It is well known that SQL databases have tables of information that store data in rows and columns. Each physical web page is given a database identification value (database identifier). There is a need for a database that uses HTML programming so that it is accessible over the internet, but which is secure, unlike conventional internet-accessible databases.

BRIEF SUMMARY OF THE INVENTION

In the invention, the software uses conventional html programming on the web pages (and, therefore, web server), but has additional steps that add security. This is, in part, due to the fact that there is data accessed in those additional steps that is only on the database server. Thus, there is no way for a user who does not have access to the database server to determine which web pages can call particular other web pages. There is also no way to accidentally or deliberately view a web page that is restricted, such as by changing the URL, because permission must be “granted” in order to view any page.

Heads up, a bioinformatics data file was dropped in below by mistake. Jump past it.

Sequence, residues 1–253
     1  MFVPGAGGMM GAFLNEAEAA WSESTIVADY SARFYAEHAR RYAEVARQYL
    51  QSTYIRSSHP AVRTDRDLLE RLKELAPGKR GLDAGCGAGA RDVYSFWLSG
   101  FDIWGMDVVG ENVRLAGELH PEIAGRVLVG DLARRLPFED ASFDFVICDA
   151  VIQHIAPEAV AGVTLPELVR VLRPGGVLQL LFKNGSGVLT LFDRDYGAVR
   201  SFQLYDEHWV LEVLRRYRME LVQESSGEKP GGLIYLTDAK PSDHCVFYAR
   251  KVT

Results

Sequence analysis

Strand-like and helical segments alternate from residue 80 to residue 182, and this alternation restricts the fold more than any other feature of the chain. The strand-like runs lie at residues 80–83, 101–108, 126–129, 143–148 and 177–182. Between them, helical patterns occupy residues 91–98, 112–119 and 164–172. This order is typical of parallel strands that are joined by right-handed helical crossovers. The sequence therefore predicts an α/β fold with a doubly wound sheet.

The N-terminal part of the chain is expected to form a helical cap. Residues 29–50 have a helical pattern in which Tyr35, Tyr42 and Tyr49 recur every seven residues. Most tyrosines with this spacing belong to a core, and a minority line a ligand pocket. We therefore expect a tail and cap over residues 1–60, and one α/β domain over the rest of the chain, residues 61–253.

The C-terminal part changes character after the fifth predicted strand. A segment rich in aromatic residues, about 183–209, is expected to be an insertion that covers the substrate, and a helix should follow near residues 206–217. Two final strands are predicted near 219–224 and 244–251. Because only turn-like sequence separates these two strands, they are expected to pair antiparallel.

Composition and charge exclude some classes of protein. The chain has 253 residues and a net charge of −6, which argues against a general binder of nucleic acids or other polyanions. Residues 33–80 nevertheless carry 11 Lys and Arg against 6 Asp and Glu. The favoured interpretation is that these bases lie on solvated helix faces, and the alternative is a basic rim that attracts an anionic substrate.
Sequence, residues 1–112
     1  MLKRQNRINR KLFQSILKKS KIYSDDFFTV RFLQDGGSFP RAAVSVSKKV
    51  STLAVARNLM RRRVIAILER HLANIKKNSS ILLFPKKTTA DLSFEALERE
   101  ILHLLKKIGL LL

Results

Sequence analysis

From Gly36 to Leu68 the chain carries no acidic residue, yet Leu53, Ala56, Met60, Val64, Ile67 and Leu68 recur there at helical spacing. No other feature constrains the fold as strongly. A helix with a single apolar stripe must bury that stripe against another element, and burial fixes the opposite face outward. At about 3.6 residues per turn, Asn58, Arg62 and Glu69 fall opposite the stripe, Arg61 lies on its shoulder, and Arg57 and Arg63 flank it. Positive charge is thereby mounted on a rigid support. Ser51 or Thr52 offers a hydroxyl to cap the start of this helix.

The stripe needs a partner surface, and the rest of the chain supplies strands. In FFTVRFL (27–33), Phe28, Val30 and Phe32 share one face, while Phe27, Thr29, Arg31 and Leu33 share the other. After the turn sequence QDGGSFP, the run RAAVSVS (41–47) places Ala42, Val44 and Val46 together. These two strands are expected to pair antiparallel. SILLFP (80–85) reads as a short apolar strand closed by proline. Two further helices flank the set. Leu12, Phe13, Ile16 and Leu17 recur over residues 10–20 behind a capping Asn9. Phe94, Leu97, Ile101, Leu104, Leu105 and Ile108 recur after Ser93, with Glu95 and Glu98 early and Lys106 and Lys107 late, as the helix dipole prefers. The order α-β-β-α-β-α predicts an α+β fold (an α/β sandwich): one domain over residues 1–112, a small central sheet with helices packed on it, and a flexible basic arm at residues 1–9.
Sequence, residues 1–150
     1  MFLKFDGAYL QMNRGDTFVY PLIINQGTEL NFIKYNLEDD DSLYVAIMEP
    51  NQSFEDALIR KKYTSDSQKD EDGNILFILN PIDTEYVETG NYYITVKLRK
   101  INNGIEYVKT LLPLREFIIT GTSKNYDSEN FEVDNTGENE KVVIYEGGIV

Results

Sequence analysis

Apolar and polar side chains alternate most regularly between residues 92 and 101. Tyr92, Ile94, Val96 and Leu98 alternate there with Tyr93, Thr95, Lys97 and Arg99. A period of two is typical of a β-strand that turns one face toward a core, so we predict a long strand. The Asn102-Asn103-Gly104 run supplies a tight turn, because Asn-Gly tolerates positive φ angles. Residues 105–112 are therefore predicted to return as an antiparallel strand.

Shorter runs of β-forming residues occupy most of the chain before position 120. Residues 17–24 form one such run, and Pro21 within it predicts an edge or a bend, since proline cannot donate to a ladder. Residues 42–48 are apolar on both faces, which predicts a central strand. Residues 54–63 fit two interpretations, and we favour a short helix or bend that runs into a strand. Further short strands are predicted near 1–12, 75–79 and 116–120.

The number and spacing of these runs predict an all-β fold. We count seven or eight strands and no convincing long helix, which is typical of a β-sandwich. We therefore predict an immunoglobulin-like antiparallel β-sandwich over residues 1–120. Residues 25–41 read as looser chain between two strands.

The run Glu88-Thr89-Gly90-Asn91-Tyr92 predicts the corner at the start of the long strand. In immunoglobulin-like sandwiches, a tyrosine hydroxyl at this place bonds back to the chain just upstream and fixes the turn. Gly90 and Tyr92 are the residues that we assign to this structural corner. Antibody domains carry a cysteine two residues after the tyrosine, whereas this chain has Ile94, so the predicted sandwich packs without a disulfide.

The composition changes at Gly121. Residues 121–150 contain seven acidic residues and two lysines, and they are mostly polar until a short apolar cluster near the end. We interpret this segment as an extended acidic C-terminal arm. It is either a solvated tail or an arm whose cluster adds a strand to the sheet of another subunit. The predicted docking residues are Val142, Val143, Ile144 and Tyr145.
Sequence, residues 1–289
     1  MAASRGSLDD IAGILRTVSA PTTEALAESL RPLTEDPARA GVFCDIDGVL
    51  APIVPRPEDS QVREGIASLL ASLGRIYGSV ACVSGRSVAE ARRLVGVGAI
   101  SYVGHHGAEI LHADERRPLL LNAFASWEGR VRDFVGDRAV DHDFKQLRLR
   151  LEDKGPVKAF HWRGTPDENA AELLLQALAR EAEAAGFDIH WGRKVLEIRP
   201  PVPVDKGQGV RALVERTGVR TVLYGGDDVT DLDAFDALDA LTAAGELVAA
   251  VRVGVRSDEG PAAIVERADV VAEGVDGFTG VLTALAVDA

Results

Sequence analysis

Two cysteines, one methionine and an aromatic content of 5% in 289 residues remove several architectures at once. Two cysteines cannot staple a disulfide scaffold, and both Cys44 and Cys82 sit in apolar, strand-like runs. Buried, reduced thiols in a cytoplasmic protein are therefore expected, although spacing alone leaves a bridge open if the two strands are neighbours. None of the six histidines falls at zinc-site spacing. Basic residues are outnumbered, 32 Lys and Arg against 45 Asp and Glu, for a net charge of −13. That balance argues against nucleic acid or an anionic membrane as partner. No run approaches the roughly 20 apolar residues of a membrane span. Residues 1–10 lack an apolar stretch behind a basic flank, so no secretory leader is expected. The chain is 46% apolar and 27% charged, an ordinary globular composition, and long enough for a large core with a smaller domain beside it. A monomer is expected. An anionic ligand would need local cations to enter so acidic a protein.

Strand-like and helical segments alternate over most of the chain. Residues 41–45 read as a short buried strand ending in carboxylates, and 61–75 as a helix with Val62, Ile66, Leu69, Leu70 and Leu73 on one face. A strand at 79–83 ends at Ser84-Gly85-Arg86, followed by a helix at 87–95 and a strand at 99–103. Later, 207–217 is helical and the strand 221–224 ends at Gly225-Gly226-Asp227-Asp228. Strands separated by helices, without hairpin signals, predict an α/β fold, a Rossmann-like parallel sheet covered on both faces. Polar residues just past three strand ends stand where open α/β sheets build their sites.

BRIEF DESCRIPTION OF THE SEVERAL VIEWS OF THE DRAWINGS

FIG. 1 is a table illustrating the URLs of calling and called pages.

FIG. 2 is a table that contains rows that contain a calling file's database identifier and another file's database identifier that can call that file.

FIG. 3 illustrates a prepared statement that checks the FIG. 2 table for permitted relationships, and prevents the display of web pages that do not contain the permitted/associative relationship.